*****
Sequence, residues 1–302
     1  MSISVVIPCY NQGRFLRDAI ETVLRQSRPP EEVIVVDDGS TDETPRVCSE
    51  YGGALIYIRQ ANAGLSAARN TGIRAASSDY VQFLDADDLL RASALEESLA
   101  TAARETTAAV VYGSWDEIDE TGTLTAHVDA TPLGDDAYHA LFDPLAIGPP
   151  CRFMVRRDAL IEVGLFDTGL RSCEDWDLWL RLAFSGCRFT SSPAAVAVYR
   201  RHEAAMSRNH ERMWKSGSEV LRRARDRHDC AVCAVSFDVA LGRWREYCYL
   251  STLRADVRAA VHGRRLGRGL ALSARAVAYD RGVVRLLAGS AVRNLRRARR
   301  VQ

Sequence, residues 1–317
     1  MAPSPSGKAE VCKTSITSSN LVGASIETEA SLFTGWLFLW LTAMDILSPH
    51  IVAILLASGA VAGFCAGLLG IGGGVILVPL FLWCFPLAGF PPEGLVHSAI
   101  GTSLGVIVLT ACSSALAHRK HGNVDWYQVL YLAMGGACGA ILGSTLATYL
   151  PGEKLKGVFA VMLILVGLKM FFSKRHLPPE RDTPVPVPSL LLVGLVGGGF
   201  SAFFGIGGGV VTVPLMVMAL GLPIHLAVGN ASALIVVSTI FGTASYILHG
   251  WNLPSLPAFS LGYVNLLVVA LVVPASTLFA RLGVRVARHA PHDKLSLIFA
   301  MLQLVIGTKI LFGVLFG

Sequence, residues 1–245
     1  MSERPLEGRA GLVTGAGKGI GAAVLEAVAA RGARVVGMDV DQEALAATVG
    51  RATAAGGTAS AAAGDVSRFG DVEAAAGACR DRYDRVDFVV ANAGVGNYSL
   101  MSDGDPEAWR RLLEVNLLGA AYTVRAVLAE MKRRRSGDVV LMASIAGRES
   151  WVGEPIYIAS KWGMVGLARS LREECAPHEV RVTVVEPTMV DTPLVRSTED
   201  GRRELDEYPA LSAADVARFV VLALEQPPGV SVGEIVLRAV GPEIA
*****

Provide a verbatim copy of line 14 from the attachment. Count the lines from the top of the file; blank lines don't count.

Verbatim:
   201  SAFFGIGGGV VTVPLMVMAL GLPIHLAVGN ASALIVVSTI FGTASYILHG